[We have episodes in German and English] How do scientists uncover phenomena and explain their connections? How do engineers design machines, methods and infrastructure? At omega tau, experts give detailed answers. Over the last ten years, we have produced 300 episodes in which we dug deeper, until we ran out of questions. Join us on our journey through the world of science and engineering: the closer you look and listen, the more interesting things get.
 
Scientific principles, theory, and the role of key figures in the advancement of science.
 
Big Picture Science: A smart and humorous take on emerging trends in science and technology. Tune in and make contact with science. We broadcast and podcast every week. bigpicturescience.org
 
In this podcast I discuss a variety of topics in both the natural and social sciences, exploring the many fascinating insights that the scientific method yields about the world around us.
 
Cara Santa Maria is a science communicator, television host, producer, and journalist. She is excited to present "Talk Nerdy," a place for conversations with interesting people about interesting topics.
 
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StarTalk All-Stars
Weekly
 
"I’m Neil deGrasse Tyson, host of StarTalk Radio. I’ve recruited a crack team of scientists and science educators to help me bring the universe down to Earth. They are… The StarTalk All-Stars." Tuesday nights at 7pm ET.
 
Ask the Naked Scientists - Solutions to the science questions you always wondered about...
 
From the ground breaking and life saving to the wacky and implausible, Dr Karl Kruszelnicki reveals some of the best moments in science.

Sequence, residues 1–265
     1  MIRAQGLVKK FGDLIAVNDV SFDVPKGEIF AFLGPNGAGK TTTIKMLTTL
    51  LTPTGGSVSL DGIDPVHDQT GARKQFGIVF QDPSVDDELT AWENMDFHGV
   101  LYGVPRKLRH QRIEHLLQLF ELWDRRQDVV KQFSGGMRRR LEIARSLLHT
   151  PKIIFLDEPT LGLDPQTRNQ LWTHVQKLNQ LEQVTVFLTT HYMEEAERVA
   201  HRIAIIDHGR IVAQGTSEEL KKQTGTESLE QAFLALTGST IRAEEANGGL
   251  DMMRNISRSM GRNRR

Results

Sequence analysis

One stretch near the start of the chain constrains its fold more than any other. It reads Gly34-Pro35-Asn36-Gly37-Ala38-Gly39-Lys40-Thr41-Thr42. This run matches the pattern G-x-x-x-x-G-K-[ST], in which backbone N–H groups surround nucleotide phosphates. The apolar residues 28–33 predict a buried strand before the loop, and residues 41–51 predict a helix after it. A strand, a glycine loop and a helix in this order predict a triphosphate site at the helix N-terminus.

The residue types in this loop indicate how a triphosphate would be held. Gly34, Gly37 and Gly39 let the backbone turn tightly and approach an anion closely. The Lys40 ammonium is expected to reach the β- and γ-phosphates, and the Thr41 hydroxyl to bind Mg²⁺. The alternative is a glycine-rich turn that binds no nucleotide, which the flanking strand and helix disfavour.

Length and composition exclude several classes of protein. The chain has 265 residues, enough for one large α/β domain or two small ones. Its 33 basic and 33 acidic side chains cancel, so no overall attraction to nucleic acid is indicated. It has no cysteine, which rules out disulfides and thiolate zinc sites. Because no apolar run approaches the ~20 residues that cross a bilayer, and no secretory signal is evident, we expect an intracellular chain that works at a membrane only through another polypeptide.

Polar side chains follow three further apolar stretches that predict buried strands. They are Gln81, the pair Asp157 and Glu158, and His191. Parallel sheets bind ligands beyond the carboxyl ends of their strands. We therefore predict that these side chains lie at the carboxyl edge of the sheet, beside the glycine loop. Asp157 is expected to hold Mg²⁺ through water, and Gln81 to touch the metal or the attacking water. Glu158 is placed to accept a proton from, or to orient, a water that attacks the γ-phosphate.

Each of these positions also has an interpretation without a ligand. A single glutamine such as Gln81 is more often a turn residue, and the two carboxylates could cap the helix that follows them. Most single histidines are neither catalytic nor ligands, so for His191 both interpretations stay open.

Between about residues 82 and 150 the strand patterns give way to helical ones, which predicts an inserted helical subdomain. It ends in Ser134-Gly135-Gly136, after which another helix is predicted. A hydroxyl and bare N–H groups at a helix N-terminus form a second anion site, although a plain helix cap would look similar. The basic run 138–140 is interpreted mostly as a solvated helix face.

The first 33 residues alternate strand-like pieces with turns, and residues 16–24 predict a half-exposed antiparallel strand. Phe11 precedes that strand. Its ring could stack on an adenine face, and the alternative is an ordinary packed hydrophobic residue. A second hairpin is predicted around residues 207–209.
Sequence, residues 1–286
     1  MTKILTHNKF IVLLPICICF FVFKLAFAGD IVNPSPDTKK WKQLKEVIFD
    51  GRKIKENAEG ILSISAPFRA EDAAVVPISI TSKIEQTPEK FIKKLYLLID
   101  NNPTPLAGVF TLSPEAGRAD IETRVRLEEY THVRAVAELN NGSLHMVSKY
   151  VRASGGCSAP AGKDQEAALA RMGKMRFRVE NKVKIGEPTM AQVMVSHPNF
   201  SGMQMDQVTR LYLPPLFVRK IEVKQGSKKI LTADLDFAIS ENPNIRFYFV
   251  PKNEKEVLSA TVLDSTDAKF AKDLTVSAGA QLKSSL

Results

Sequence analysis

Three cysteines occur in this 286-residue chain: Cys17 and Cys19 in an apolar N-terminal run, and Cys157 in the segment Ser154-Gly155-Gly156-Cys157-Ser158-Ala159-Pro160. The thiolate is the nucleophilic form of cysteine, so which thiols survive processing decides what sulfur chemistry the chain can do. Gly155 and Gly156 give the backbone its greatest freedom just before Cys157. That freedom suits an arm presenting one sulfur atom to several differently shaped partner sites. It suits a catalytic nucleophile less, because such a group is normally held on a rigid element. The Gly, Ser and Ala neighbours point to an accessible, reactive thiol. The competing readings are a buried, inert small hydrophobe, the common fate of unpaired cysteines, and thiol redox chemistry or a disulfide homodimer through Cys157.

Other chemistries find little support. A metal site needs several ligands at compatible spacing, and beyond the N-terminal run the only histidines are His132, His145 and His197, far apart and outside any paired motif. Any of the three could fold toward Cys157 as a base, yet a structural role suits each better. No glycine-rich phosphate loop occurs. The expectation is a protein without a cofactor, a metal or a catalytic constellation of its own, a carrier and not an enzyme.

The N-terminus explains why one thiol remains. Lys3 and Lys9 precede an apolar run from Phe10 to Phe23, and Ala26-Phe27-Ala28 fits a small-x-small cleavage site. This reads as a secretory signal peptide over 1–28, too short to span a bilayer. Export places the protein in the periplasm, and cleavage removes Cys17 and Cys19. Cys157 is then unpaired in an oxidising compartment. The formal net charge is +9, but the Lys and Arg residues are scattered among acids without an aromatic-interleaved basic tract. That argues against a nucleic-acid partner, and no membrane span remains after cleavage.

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NOVA | PBS
Monthly
 
NOVA brings you short audio stories from the world of science -- anything from hurricanes to mummies to neutrinos. For more science programming online and on air, visit NOVA's Web site at pbs.org/nova, or watch NOVA broadcasts Wednesday nights on PBS.
 
Get in-depth science coverage at WIRED including news, the latest research and discoveries and how technology is shaping the world of science. A SpokenEdition transforms written content into human-read audio you can listen to anywhere. It's perfect for times when you can't read - while driving, at the gym, doing chores, etc. Find more at www.spokenedition.com
 
CBC Radio's Quirks and Quarks covers the quirks of the expanding universe to the quarks within a single atom... and everything in between.
 
Are you searching for stories to ignite your curiosity, teach you to perform better in life and career, inspire your mind, and make you laugh along the way? In this science podcast, Dr. Marie McNeely introduces you to the brilliant researchers behind the latest discoveries in science. Join us as they share their greatest failures, most staggering successes, candid career advice, and what drives them forward in life and science.
 
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CrowdScience
Weekly
 
We take your questions about life, Earth and the universe to researchers hunting for answers at the frontiers of knowledge.
 
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Undiscovered
Weekly
 
A podcast about the left turns, missteps, and lucky breaks that make science happen.
 
Periodic audiocasts from American Scientist, a publication of Sigma Xi, The Scientific Research Society.
 
You have questions and A Moment of Science has answers. Short science videos and audio science podcasts provide the scientific story behind some of life\'s most perplexing mysteries. There\'s no need to be blinded by science. Explore it, have fun with it, but most of all learn from it. A Moment of Science is a production of WFIU Public Media from Indiana University in Bloomington, Indiana.